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Autonomy’s Ghost and General Education

Author(s): Simon Sadler

Journal: Architectural Histories
ISSN 2050-5833

Volume: 1;
Issue: 1;
Start page: Art. 16;
Date: 2013;
Original page

Keywords: Postmodernism | political economy | autonomy | general education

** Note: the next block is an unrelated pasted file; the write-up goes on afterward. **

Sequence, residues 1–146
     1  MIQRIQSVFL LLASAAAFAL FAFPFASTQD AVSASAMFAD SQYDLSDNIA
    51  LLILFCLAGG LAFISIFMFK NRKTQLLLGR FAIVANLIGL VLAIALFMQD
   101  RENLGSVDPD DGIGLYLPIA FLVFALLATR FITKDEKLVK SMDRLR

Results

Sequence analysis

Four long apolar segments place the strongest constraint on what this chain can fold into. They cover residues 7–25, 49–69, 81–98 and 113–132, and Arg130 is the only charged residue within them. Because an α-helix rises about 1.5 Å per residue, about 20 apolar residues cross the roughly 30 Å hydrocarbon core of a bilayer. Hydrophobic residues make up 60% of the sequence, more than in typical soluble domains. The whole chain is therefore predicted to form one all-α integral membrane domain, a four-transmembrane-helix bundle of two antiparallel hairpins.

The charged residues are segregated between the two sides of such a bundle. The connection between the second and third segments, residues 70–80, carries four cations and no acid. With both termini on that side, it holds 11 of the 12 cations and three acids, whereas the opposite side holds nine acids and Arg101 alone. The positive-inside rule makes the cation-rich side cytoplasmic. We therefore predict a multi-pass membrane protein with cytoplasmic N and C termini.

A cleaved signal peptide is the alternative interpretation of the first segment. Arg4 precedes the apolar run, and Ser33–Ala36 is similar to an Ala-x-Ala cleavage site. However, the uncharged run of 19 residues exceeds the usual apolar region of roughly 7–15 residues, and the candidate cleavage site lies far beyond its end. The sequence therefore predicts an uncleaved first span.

Arriving in the US a decade ago as a UK-trained architectural historian, I became more aware than I had been at home of what seemed like a disciplinary split between architectural historians trained as architects—thinking, perhaps, as architects—and architectural historians, thinking first and foremost as historians, for whom architecture was not an avocation. Jorge Otero-Pailos’s explanation of this cultural divide, which he describes in his 'Architecture’s Historical Turn: Phenomenology and the Rise of the Postmodern' from 2010, was revelatory to me. The phenomenological turn in architecture led to nothing less than a redirection of architectural history as a profession, in which architects practicing as historians—’architect-historians’, as Otero-Pailos calls them—were found ‘staking out a new position … within the academy as the custodians of architecture’s peculiarly ambiguous mode of intellectuality’, which is the ‘unity of theory and practice’ (Otero-Pailos 2010: xiii). Two modes of architectural historical study now co-existed, particularly, it would seem, in the US, uneasily demarcating architect-historians, trained principally as architects, from architectural historians principally steeped in art historical methodology.
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